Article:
Ben Taylor
Courtesy Photo

BORN TO ROCK: You can’t help but feel for the spawn of rock ’n’ rollers. Aside from growing up on a tour bus, they’re almost expected to try (and fail) filling mom or dad’s musical shoes. Kelly Osborne tried and flopped (more than once); Sean Lennon remains the rare success story. And we all remember the train wreck that was MTV’s musical offspring talent search, Rock the Cradle.

It goes without saying, then, that 33-year-old Ben Taylor doesn’t have it too easy. As the son of musical match James Taylor and Carly Simon, the young singer/songwriter has not one, but two Grammy-winning lineages to live up to. Lucky for us, he succeeds where so many others have failed. On his most recent recorded effort, 2008’s The Legend of Kung Folk: Part 1 (The Killing Bit), Ben seems to find his own footing as an artist, mixing Ryan Adams-style sensibilities with John Mayer’s signature suaveness. (He also sounds almost creepily akin to his pops in tone and inflection.)

This Monday, July 19, Taylor teams up with Nashville chanteuse Katie Herzig at SOhO (1221 State St.) for an evening’s worth of delicately orchestrated folk rock and pop. The 21+ show starts at 8:30 p.m. For tickets and information, call 962-7776.

THE LATE SHOW: Also at SOhO this week, Ventura’s strummers Todd Hannigan and Lee Koch return to town for a triple bill with Santa Barbara’s own Omar Cowan on Thursday, July 15. With a rich and emotive voice that falls somewhere in between Nick Drake’s and Eddie Vedder’s, Hannigan is one of the South Coast’s shining stars. Born from the same tight-knit surfing world that gave us Jack Johnson, Hannigan takes a slightly more serious approach to his songcraft, weaving poignant lyrics over intricate guitar parts and melodies. He plays with backing band the Heavy 29’s. As for Koch, the delivery style is more obviously upbeat. Where Hannigan channels the brooding crooners of the 20th century, Koch falls more in line with the pop rockers and alt-country stars of more recent years. Together with his band the Grinders, the young singer/songwriter pens tunes that simultaneously call to mind a poppier Blitzen Trapper or a more soulful Jason Mraz. In either mode, he’s exploring a modern take on Americana that’s downright infectious. The 21+ show starts at 8:30 p.m. Visit for info.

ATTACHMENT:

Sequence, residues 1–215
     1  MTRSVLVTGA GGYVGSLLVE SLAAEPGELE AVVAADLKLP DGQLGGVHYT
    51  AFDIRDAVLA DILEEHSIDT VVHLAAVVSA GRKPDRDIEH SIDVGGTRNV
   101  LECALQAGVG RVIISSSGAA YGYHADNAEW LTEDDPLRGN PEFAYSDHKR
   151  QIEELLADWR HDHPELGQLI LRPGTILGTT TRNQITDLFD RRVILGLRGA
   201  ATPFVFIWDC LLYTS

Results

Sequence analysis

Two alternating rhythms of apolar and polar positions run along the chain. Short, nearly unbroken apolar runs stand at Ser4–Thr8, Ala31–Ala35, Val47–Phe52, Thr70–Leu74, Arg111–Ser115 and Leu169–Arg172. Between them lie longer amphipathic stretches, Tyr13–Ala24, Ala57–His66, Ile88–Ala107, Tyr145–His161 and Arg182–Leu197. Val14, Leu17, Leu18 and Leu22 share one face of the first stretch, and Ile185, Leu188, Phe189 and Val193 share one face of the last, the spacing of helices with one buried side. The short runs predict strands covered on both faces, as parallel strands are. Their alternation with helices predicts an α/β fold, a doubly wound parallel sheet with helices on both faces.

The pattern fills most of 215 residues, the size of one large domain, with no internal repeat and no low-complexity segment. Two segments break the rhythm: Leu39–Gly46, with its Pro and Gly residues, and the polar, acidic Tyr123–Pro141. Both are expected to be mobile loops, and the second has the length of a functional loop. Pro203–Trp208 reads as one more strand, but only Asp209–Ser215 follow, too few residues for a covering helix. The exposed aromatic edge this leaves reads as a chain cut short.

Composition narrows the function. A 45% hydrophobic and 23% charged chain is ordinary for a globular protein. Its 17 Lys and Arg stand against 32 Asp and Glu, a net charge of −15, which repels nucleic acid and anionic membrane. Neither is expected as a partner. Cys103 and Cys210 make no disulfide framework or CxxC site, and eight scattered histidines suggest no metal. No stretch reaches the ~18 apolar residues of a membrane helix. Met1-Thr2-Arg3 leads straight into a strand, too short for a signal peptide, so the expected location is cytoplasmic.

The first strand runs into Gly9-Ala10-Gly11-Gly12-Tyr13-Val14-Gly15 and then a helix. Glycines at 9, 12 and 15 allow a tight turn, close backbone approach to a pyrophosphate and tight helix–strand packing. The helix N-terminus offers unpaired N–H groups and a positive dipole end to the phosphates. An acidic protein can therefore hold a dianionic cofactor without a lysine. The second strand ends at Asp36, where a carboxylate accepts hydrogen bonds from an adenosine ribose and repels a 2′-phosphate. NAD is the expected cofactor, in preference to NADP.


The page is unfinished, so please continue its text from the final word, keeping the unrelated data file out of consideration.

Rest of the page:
Courtesy Photo

GRRRRL POWER: To balance out the gender war this week, I recommend a stop by Velvet Jones (423 State St.) on Thursday, July 15, for a rock ’n’ roll show of a whole different variety. It’s there that L.A. outfits Sweethead and Nico Vega will team up for a double bill that is sure to incite a fair amount of sweaty pandemonium.

Formed by Queens of the Stone Age guitarist Troy Van Leeuwen and singer Serrina Sims in 2008, Sweethead has made a name for themselves by mixing vintage rock influences (The Kinks, David Bowie) with a contemporary swagger and industrial-leaning sonic palette. It’s a fusion of old-school punk and an obvious love affair with synth and electrified guitar screams—and it makes for a sound and presence that’s downright hard to ignore.

As return offenders to the State Street venue, Vega, I can promise, can put on a show. Fronted by the small but mighty vocal powerhouse Aja Volkman, the band is known as much for their onstage antics as they are for their hard-hitting take on garage rock. (Think The Runaways meets the Yeah Yeah Yeahs.) Since releasing their eponymous debut full-length last year, the three-piece has been busy touring with everyone from Gavin Rossdale to Shiny Toy Guns, and dishing out songs that fluctuate between melancholy ballads and in-your-face rockouts. As for the live show, prepare yourself for moshing, dancing, and a whole lot of raucous scream-alongs. The show starts at 9:30 p.m. Visit for tickets.


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